The panel convened by the National Heart, Lung, and Blood Institute in 2008 as the Eighth Joint National Committee (JNC 8) followed a similar process, and a grade A recommendation was given to treat adults 60 years and older to a target systolic blood pressure (BP) of 150 mm Hg.4 This recommendation, however, was not unanimous, and there was pushback from some in the hypertension and cardiovascular communities.5 Since the publication of the JNC 8 guideline, a large randomized controlled trial, SPRINT (Systolic Blood Pressure Intervention Trial), compared persons with a systolic BP goal of 120 mm Hg and those with a goal of 140 mm Hg.6 The results favored the more aggressive target, with lower rates of a composite of cardiovascular events and all-cause mortality. It is in this setting that the current guideline panel reviewed existing trial evidence to reach the conclusions summarized in Table 1.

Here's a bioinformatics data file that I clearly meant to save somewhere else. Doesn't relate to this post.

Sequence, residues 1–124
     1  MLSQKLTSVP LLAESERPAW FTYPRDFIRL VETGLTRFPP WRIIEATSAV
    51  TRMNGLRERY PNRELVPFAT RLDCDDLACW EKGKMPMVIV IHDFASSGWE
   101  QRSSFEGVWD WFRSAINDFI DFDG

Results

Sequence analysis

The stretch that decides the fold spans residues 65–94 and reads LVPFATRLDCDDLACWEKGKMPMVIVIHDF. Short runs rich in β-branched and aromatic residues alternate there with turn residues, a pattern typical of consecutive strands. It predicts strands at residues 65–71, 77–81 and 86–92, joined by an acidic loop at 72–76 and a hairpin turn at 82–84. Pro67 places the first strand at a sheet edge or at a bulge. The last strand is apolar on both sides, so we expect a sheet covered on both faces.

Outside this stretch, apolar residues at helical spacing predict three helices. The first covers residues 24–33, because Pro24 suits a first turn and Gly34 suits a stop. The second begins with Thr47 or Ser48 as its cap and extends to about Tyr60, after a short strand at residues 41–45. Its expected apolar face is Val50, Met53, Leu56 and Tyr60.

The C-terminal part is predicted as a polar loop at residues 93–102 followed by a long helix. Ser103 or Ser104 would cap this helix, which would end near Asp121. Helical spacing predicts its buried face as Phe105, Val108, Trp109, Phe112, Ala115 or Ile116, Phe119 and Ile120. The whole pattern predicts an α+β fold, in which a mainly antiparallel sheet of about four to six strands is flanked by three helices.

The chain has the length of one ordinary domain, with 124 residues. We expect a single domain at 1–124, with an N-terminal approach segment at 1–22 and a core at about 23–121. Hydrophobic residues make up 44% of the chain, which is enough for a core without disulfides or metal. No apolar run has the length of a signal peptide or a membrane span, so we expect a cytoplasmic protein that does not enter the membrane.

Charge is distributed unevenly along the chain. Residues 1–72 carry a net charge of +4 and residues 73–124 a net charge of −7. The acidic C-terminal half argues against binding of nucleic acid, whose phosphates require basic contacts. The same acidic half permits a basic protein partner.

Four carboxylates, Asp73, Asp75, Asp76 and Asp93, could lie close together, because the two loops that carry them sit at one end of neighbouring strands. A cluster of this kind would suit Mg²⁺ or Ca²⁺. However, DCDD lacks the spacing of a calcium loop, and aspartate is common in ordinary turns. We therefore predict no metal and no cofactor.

Initiate treatment in adults 60 years and older with systolic BP persistently at or greater than 150 mm Hg to achieve a target systolic BP of less than 150 mm Hg to reduce the risk of mortality, stroke, and cardiac events. (Strong recommendation, high-quality evidence.)
Consider initiating or intensifying pharmacologic treatment in adults 60 years and older with a history of stroke or transient ischemic attack to achieve a target systolic BP of less than 140 mm Hg to reduce the risk of recurrent stroke. (Weak recommendation, moderate-quality evidence.)
Consider initiating or intensifying pharmacologic treatment in some adults 60 years and older at high cardiovascular risk, based on individualized assessment, to achieve a target systolic BP of less than 140 mm Hg to reduce the risk of stroke or cardiac events. (Weak recommendation, low-quality evidence.)